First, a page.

No need for £4.5m St Michael's free school, says NUT

St Michael's Secondary School, Camborne
Image caption St Michael's Secondary in Camborne has about 150 pupils

A Catholic free school in Cornwall has been branded a waste of money by a teaching union.

St Michael's in Camborne is Cornwall's first Catholic secondary and its only free school.

The school cost taxpayers more than £4.5m to start and received a "requires improvement" rating from Ofsted in May.

The National Union of Teachers (NUT) said there were surplus places in other schools nearby. The government said the school gave parents greater choice.

'Existing stock'

Free schools are state-funded schools started by parents, teachers or other groups.

St Michael's opened in September 2012 and has a capacity of up to 300 pupils. It currently has about 150 from across the county.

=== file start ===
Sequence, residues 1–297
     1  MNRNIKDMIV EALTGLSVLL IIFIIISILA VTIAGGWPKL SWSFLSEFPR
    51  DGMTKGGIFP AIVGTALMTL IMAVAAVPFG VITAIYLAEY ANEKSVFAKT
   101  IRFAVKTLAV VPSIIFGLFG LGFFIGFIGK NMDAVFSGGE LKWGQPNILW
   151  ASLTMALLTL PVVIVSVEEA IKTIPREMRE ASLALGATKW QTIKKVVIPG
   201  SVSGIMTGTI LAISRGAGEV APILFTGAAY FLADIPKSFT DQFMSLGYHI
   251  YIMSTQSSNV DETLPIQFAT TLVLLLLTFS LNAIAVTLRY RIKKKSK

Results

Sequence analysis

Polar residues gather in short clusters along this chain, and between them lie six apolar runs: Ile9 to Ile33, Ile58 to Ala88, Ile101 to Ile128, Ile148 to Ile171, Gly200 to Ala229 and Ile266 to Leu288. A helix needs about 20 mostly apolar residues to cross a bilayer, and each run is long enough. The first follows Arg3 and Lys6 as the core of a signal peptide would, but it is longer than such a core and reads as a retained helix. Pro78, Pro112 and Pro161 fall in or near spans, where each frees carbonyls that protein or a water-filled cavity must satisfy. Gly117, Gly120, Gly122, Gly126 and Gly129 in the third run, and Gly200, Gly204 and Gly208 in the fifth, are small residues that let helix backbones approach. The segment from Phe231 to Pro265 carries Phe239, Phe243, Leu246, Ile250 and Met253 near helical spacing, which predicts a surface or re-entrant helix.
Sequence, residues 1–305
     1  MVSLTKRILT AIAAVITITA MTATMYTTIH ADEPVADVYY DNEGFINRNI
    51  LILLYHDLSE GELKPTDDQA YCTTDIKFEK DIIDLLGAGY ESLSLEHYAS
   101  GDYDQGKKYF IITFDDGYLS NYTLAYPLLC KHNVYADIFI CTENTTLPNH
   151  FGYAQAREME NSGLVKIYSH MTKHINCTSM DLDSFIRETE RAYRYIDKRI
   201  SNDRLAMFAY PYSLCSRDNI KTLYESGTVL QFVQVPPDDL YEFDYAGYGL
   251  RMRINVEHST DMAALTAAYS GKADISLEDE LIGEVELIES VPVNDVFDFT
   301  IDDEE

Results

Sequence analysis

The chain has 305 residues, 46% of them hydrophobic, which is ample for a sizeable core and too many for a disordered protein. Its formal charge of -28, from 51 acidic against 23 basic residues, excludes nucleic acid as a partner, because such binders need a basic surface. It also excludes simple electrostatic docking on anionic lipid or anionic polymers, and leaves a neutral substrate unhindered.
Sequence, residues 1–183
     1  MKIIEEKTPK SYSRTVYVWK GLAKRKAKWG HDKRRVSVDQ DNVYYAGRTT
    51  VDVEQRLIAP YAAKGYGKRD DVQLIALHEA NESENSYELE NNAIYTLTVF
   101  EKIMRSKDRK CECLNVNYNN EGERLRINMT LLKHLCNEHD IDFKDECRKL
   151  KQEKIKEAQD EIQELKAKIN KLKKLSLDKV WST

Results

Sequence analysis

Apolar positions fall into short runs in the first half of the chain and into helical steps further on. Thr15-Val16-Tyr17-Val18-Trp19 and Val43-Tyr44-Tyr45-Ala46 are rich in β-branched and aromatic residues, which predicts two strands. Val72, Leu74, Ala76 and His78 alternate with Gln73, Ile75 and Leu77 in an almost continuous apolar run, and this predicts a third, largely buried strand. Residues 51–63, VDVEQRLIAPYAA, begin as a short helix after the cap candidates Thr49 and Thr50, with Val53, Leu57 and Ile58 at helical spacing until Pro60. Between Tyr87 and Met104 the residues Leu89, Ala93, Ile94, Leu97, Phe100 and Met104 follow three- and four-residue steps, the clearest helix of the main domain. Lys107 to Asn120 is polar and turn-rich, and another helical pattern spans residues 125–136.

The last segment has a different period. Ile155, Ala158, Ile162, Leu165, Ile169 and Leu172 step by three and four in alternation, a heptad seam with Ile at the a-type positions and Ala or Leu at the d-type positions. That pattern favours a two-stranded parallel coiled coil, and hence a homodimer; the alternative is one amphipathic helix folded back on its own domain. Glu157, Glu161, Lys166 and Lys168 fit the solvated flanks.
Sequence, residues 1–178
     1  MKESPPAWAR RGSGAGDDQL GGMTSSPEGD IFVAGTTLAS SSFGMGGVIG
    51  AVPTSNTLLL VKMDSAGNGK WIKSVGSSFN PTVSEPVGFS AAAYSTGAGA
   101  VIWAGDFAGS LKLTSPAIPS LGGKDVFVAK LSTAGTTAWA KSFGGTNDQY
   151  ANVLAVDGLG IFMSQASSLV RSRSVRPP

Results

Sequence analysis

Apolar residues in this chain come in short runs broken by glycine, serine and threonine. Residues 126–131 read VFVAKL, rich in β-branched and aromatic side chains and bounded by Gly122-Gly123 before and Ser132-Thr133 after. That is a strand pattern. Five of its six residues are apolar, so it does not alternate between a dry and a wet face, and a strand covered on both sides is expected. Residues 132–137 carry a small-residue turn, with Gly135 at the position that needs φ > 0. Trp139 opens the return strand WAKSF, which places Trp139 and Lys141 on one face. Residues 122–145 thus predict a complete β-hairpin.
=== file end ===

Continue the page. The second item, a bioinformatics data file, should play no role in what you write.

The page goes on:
Figures from the Department for Education revealed it cost more than £700,000 to buy Camborne's former old grammar school to house St Michael's, and nearly £3.8m to build an extension.

The NUT said there were surplus places nearby and Cornwall Council was facing a £60m maintenance backlog in its schools.

Ian Williams, of the NUT, said: "If you look at the simple maths here, is it right to spend £4.5m when there is no need for a school in that particular area?"

Councillor Andrew Wallis, schools cabinet member at Cornwall's Liberal Democrat/Independent unitary council, said such money "could be spent on existing stock".

He said: "We don't necessarily need a new school, just new school facilities which could be a cheaper option than setting up a new school."

Nobody at St Michael's was available for comment.

The Department for Education said free schools offered good value for money with construction costs about 40% less than previous school building programmes.

A spokesman said it had also given Cornwall Council £32.5m to spend on school maintenance over the last four years.

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